SOMEBODY'S DARLING: Songs of the Civil War
by Rebecca Blackwell Drake
On Saturday, October 9th, at 4:30 p.m., Lester Senter, concert artist, will present a Jubliee [musical happening] at the Courthouse in Raymond. "During the war years," Senter commented, "A favorite recreation of the Confederate Army was to gather and stage singing events. According to the book, 'In the Life of Johnny Reb' by B. D. Wiley, these events were referred to as Jubilees." Many of the numbers to be performed at the Raymond Jubilee are included in the recent CD, Somebody's Darling: Songs from the Siege of Vicksburg and the Battle of Raymond.
"The songs on the CD have been thoughtfully selected," commented Senter. "I did a great deal of research to find songs that were sung in Raymond and Vicksburg during the Vicksburg Campaign. Many of the numbers I managed to locate were unique and unknown to the public. My search led me to the Courthouse Museum in Vicksburg where Jeff Gaimbrone, historian, helped to find a beautiful, sad, song called 'Kitty Wells.' A visit to McRaven Plantation in Vicksburg led to the discovery of a unique piece of piano music called "The Belle of Vicksburg." Mr. Leland French, owner of McRaven Plantation, let me copy his rare piece of sheet music. The Mississippi Department of Archives and History was also helpful by letting me into their rare manuscripts.
Hoping to find music unique to Raymond during the war, Senter carefully researched the Battle of Raymond. The search proved productive when she located a copy of Raymond, Miss. During War Times, by Estelle Trichell Oltrogge. The article appeared in a 1910 issue of The Confederate Veteran. While reading Oltrogge's memoirs, Senter discovered that two fund raising concerts were held in Raymond prior to the war. At the first concert [circa 1861] Oltrogge stated that a quartet performed a Stephen Foster tune Come Where My Love Lies Dreaming. In 1862, at the second concert held at the Courthouse, The Bonnie Blue Flag was performed. Oltrogge recalled the concert saying, "The Bonnie Blue Flag was sung by several young ladies, each representing a Southern State and carrying its flag." Senter plans to recreate the 1862 performance and has ordered flags for the states of South Carolina, Georgia, Mississippi, Alabama, Florida, Texas and Louisiana.
"The Bonnie Blue Flag" was first performed in Jackson during the spring of 1861 and soon became a favorite throughout the South. It was premiered by an Irish comedian, Harry Macarthy. "McCarthy was an vaudeville entertainer who traveled with his wife, Lottie, doing 'personation concerts, stated Senter. "When the Mississippi's Ordinance of Secession was signed on January 9th, 1861, a ceremony was held and the Bonnie Blue Flag was raised over the Capitol Building. Macarthy was in the crowd and witnessed the rousing event. A short time later, he wrote the lyrics, 'Hurrah! Hurrah! For Southern Rights Hurrah! For the Bonnie Blue Flag that bears a Single Star,' and set them to a pre-existing Irish tune called 'The Irish Jaunting Car.' The song was an immediate hit after his Jackson concert.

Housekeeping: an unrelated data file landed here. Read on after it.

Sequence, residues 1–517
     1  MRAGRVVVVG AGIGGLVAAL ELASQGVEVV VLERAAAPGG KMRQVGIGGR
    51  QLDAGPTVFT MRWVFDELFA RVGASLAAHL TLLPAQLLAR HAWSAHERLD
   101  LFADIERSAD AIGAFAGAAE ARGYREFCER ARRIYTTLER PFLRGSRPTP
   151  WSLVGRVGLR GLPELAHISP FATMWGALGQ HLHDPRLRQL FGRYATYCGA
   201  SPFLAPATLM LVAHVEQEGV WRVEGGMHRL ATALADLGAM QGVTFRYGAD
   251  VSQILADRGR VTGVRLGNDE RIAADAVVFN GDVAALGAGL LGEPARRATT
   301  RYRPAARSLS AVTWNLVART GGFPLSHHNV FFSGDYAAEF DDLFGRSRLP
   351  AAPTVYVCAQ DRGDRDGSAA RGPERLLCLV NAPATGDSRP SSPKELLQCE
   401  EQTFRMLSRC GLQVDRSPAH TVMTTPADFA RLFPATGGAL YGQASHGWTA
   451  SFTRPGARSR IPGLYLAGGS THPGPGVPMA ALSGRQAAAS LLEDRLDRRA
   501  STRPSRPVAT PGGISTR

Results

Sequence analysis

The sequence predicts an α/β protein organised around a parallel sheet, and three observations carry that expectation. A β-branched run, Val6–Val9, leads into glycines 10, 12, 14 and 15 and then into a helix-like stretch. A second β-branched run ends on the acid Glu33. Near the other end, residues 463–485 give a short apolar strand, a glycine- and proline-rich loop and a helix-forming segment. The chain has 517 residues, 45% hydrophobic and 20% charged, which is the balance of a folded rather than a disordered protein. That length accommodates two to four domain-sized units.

A short time later, Mrs. Mims Williams of Magee helped to set a different set of lyrics [The Homespun Dress] to the air of The Bonnie Blue Flag. The chorus of the ladies rendition went, "Hurrah! Hurrah! For the sunny South so dear; Three cheers for the homespun dress the Southern ladies wear!"
The Bonnie Blue Flag was performed a second time in September of 1861 at the New Orleans Academy of Music - this time to a group of soldiers headed for the Virginia front. The second time was the charm. The audience went wild. After Blackmar & Brothers in New Orleans published The Bonnie Blue Flag, Mccarthy was lauded as one of the South's most popular performers during the Civil War years. Following the publication of The Bonnie Blue Flag, Mccarthy traveled throughout the Southern states performing to packed houses only. Another song written and performed by Macarthy was The Volunteer - dedicated to the Orleans Cadets.
The highlight of the CD is a parlor song called, "Somebody's Darling." The moving song tells about a soldier [somebody's darling] who was killed in battle and is on his way to be buried. How Senter found the song is an interesting story. "After performing a concert of Civil War music in Shreveport," stated Senter, "an elderly fan came backstage and told me about an old Civil War song called "Somebody's Darling." I was not familiar with it. After returning to Jackson, a packet arrived in the mail and the sheet music was inside. The fan had enclosed a note that read, 'The song I was telling you about is called "Somebody's Darling." The note also mentioned that when she [fan] was younger that she often sang and played "Somebody's Darling" for friends whose loved ones had served in the Confederate Army.'
"The song was just beautiful," said Senter. I knew immediately that it would become a part of my Civil War repertoire. After promising to donate a concert to benefit Friends of Raymond, SOMEBODY'S DARLING seemed the perfect tribute for the Battle of Raymond.
"Somebody's Darling," featuring Lester Senter, mezzo-soprano, and Colman Pearce [former conductor of the Mississippi Symphony Orchestra], accompanist, is scheduled to be sold at the Raymond Jubilee. All funds from the purchase of the CD will be donated toward the purchase of the Raymond Battlefield. "At a time when the public's interest in the Civil War is at a peak," states Senter, "I find it really uplifting to be a part of the Raymond experience. I'm excited about the concert and looking forward to it. So a cordial invitation to all - Friends of Raymond, Civil War buffs and music lovers. Anyone and everyone come out and enjoy the concert and purchase a CD to support Friends of Raymond in this great project."
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